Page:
At first a searcher had to be logged into a Google account to initiate secure search. Things changed again in late September 2013. Google began rolling out encrypting all search activity. Whether the searcher is logged into a Google account or not. Now, when any user goes to Google to search they are redirected to the https:// version of Google or, an SSL encrypted search. Again, not passing keyword search data onto website analytics.
This update only affects organic search data. Paid search data from Google continues to report on keyword referrals.
This definitely raises the question of the actual intent of no longer providing keyword data to websites. Keyword data has long been the cornerstone of research and reporting for search engine optimization. Now Internet marketers are forced to other means. One of those means is focusing more on paid search data from Google. Both to gain valued keyword data and to ensure content is viewed by desired audiences. This advertising and research again adds to Google’s main revenue stream and their bottom line.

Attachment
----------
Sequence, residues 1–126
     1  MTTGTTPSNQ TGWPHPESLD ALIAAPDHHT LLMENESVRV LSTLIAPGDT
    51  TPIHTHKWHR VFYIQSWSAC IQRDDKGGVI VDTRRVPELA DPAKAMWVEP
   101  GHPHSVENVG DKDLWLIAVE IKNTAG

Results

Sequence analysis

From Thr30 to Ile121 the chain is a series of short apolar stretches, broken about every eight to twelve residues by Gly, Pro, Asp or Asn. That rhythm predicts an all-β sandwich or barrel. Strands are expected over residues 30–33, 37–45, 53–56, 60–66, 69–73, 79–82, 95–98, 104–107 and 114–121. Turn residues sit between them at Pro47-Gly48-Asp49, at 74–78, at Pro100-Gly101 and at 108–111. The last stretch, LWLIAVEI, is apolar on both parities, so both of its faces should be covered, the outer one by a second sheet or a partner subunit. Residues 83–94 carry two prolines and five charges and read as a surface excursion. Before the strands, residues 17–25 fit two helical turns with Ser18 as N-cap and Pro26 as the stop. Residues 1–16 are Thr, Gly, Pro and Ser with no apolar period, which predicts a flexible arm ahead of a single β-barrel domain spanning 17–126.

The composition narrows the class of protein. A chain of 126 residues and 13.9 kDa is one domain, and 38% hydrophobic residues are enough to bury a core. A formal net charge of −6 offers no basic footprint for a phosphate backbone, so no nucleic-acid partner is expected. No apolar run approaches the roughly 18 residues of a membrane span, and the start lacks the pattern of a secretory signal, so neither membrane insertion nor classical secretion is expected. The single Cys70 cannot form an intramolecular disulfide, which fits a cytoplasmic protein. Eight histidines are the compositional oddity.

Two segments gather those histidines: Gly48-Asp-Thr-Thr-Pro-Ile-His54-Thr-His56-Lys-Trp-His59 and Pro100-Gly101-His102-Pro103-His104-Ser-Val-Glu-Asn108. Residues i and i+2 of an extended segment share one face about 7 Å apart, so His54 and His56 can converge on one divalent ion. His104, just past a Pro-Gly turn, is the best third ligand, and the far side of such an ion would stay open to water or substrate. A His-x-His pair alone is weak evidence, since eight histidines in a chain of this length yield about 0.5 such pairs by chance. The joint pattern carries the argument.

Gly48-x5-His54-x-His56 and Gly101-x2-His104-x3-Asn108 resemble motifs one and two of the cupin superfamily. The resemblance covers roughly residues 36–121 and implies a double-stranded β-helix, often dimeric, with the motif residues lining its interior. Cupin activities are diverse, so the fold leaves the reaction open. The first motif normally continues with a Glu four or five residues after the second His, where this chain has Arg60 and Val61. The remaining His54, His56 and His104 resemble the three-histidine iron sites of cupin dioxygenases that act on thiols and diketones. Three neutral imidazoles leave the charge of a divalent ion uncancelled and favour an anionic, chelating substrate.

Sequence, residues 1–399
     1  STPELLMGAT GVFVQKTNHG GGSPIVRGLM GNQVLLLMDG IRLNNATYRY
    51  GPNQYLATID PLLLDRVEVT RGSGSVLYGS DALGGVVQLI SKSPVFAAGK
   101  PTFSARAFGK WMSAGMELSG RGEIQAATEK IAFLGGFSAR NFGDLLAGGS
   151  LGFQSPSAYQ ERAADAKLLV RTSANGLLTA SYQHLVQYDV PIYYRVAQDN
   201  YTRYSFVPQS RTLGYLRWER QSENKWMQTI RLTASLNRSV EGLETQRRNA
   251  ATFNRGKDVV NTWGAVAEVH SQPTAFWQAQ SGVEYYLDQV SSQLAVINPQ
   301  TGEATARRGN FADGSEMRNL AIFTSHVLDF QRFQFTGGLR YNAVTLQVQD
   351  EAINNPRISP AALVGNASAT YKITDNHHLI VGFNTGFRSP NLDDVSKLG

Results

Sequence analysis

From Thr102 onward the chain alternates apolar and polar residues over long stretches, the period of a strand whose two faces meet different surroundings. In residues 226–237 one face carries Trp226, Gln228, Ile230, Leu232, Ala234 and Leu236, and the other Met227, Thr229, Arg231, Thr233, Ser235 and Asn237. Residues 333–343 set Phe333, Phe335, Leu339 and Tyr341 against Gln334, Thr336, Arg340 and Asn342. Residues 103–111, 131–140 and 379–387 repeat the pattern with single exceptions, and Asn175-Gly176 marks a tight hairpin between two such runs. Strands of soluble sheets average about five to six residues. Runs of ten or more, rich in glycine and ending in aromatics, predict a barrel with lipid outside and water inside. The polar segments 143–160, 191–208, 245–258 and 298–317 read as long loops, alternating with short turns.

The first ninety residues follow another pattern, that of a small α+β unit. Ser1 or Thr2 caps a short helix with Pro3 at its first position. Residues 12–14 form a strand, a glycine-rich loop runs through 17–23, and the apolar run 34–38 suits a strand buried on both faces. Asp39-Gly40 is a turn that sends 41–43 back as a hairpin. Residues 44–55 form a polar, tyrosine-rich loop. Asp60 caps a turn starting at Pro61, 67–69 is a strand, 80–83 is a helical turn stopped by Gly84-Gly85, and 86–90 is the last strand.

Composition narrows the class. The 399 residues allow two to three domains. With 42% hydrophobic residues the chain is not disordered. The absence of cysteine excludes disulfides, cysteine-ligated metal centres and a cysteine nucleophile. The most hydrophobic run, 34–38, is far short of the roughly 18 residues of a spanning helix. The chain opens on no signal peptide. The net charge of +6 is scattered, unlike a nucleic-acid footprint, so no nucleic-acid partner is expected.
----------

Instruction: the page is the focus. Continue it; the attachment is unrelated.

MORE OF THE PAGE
More recently, both Bing and Yahoo! have been testing secured search and chances are they are moving towards not providing keyword data as well.
Is this a case the biggest search engines making the Internet more safe for searchers?
Is it a case of the major competition following the search giant to capitalize on the value of keyword data?
Or a combination of both?
Interested to hear your thoughts and additions in the comments below.